The Mandrake Memorial - s/t + Medium + Puzzle. 1968-1969 USA



Philadelphia based The Mandrake Memorial began their career as a psychedelic pop group, with the distinction that all the songs here feature distant "lost" vocals and electric harpsichord. There's a certain sameness to their sound throughout. The music is every bit of its era, practically defining 1968 for us. The best tracks, naturally enough for a group existing in the psych world, are those that feature biting fuzz guitar licks such as heard on 'Here I Am', 'Dark Lady', and 'Strange'. Closer 'Sunday Noon' sounds like The Mandrake Memorial covering The Doors. And it's just as great as that might sound.

Medium: Side 1 sees The Mandrake Memorial taking a step back as they try to define their sound to a finer point. There's more of a downer folk blues sound going on, though its still psych based, and there's phasing and fuzz guitar here, along with the prevailing electric harpsichord. Side 2 definitely takes the straightjacket off, and the band spreads their wings further into longer compositions and creative instrumentals - peaking on the 6 minute instrumental 'Barnaby Plum'. A mixed album, with a much greater discrepancy - both at the top and from the bottom.

Puzzle: Side 2 of Medium was a harbinger of things to come for The Mandrake Memorial. Gone is the trademark electric harpsichord and its place is the guitar trio - with a fully staffed choir and orchestra in tow. The conventional psychedelic songs are undoubtedly The Mandrake Memorial of the first two albums, but the other tracks show the band pushing the boundaries of rock into exciting new directions, oddly reminding me some of Pink Floyd's 'Atom Heart Mother' suite that had yet to appear. Guitarist Craig Anderton's growing interest in electronics is given a test drive on 'Bucket of Air' - a splendid display of proto Kosmiche Krautrock if there ever was one. Overall, it's definitely an experimental record, and one that did not result in commercial success for the band. The subsequent 45 single sees The Mandrake Memorial heading back towards the middle - not sure where else they could have gone honestly - and then decided to hang it up, having accomplished a great deal in only 2 short years.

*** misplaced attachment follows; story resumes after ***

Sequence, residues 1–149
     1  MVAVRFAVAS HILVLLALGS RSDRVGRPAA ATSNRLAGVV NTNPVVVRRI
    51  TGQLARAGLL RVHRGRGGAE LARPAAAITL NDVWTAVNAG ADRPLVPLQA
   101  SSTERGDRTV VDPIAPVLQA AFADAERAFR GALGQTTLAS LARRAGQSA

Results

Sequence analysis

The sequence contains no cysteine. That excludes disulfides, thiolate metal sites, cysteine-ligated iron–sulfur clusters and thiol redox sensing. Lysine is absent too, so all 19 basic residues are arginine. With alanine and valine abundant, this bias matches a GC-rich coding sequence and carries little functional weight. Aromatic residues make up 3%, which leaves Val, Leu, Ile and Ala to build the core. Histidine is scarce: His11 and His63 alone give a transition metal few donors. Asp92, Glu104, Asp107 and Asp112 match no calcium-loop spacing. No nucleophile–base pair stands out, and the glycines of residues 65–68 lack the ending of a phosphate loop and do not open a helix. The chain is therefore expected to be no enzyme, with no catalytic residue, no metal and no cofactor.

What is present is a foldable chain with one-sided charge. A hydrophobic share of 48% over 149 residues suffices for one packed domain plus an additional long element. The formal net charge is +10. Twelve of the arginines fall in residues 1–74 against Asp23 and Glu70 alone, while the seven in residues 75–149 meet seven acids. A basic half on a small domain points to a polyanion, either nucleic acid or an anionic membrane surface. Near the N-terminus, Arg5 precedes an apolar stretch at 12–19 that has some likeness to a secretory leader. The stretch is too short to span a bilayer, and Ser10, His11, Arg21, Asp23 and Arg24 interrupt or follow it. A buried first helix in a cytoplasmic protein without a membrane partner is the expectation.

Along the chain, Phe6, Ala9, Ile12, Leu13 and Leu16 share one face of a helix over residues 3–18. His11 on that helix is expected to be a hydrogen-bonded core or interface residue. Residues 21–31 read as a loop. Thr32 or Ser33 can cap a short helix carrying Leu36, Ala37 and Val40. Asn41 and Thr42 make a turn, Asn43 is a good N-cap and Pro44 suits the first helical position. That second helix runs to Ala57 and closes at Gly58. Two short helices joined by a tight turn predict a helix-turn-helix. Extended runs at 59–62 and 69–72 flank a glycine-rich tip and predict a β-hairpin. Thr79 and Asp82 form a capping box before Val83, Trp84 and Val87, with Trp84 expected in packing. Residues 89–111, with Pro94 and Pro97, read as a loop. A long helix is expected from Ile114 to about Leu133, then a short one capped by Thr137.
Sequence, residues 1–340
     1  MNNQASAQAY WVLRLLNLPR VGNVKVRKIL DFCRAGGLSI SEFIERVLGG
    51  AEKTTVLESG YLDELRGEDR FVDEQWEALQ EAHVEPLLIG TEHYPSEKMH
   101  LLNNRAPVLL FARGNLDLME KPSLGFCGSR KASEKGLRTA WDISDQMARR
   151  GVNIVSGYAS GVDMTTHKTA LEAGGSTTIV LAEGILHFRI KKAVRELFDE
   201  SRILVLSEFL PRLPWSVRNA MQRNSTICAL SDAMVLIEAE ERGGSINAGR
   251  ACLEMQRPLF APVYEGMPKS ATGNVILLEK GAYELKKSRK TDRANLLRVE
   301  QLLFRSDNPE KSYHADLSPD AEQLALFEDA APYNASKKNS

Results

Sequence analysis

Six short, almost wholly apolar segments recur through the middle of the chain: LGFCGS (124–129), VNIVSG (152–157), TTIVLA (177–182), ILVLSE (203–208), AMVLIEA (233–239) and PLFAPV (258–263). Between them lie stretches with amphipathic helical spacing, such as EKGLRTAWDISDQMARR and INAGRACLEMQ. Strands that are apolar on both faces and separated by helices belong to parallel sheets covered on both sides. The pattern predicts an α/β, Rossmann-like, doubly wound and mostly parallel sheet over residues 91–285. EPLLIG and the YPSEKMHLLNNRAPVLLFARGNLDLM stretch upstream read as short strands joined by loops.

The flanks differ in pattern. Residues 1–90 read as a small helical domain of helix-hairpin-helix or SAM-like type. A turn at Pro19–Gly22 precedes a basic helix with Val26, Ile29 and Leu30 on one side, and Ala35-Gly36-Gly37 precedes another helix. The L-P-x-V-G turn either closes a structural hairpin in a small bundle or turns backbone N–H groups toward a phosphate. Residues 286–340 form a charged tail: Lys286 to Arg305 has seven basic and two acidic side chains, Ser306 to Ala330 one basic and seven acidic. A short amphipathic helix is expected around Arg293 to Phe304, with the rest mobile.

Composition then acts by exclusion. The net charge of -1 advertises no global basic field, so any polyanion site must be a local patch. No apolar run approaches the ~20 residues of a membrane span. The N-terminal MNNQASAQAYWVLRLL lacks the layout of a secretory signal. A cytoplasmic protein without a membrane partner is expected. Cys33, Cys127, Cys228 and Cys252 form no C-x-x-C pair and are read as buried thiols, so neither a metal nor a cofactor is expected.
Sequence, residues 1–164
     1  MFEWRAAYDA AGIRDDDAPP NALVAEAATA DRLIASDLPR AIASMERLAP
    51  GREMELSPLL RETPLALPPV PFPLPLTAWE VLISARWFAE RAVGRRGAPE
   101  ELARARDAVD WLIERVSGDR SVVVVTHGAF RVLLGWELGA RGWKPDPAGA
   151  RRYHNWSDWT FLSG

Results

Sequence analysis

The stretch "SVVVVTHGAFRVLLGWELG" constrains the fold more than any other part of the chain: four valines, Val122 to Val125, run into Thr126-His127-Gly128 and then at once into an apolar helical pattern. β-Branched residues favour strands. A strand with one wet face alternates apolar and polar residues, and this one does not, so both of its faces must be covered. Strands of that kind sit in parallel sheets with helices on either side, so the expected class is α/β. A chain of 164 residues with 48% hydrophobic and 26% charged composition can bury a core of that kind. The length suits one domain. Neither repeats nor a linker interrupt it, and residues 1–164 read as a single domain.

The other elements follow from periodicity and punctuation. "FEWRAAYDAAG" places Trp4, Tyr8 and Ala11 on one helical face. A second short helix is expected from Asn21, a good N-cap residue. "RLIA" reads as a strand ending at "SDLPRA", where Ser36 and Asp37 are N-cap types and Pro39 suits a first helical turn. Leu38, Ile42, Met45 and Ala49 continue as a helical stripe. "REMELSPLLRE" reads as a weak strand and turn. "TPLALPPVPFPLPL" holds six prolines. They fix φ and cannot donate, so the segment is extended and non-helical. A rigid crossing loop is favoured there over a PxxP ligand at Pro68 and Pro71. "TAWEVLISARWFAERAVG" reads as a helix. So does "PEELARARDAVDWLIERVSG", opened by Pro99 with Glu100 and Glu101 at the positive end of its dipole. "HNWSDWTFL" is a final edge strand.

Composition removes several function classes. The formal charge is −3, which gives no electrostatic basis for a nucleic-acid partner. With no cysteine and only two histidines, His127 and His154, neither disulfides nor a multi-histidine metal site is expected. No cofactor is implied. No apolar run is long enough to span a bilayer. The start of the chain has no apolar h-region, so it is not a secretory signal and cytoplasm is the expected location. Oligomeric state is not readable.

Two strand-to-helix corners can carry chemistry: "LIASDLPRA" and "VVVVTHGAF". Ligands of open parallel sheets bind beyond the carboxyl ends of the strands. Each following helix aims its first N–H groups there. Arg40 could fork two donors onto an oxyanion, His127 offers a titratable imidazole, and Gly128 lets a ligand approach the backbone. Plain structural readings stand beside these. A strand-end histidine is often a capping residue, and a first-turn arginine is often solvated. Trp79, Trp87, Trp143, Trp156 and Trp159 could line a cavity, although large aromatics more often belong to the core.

Personal collection
CD (The Mandrake Memorial): 1996 Collectibles
CD (Medium): 1996 Collectibles
CD (Puzzle): 1996 Collectibles

The first album is housed in a standard thick single sleeve, whereas the other two are gatefolds. And, if you're lucky, you might find the circular insert for Puzzle. I first bought the debut LP almost 25 years ago, appropriately enough, while in Philadelphia. I replaced that, and picked up the others, as soon as the CDs hit the market in the mid/late 90s. The debut sold well (over 100,000 copies according to the CD liner notes), especially within the local Northeast Philly/NYC/Boston market, and thus finding an original isn't too hard. Puzzle features a fetching Escher cover (House of Stairs from 1951), and comes with a cool insert. All 3 CDs feature full liner notes (the same liner notes for each unfortunately, though Puzzle adds in the original liners which are in Dutch and likely come from Escher himself). Puzzle comes with both sides of their final 45 single as a bonus, though they inexplicably "colored in" the Escher sketch (who knows why?). All of these are taken from vinyl copies, and only the debut sounds decent. I think they could have done a better job, though it didn't bother me much until I heard them intently with headphones. Watch out carefully for pirate editions, as they have proliferated the marketplace.

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